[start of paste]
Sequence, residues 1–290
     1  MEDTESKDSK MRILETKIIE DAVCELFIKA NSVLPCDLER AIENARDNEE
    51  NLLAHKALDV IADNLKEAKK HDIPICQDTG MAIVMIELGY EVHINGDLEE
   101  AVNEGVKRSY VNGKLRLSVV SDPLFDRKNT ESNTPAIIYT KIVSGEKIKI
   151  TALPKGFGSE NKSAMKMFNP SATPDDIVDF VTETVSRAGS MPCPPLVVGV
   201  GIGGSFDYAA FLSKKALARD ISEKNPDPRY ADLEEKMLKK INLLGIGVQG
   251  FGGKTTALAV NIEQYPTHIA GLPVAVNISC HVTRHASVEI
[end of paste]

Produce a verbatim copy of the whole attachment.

Sequence, residues 1–290
     1  MEDTESKDSK MRILETKIIE DAVCELFIKA NSVLPCDLER AIENARDNEE
    51  NLLAHKALDV IADNLKEAKK HDIPICQDTG MAIVMIELGY EVHINGDLEE
   101  AVNEGVKRSY VNGKLRLSVV SDPLFDRKNT ESNTPAIIYT KIVSGEKIKI
   151  TALPKGFGSE NKSAMKMFNP SATPDDIVDF VTETVSRAGS MPCPPLVVGV
   201  GIGGSFDYAA FLSKKALARD ISEKNPDPRY ADLEEKMLKK INLLGIGVQG
   251  FGGKTTALAV NIEQYPTHIA GLPVAVNISC HVTRHASVEI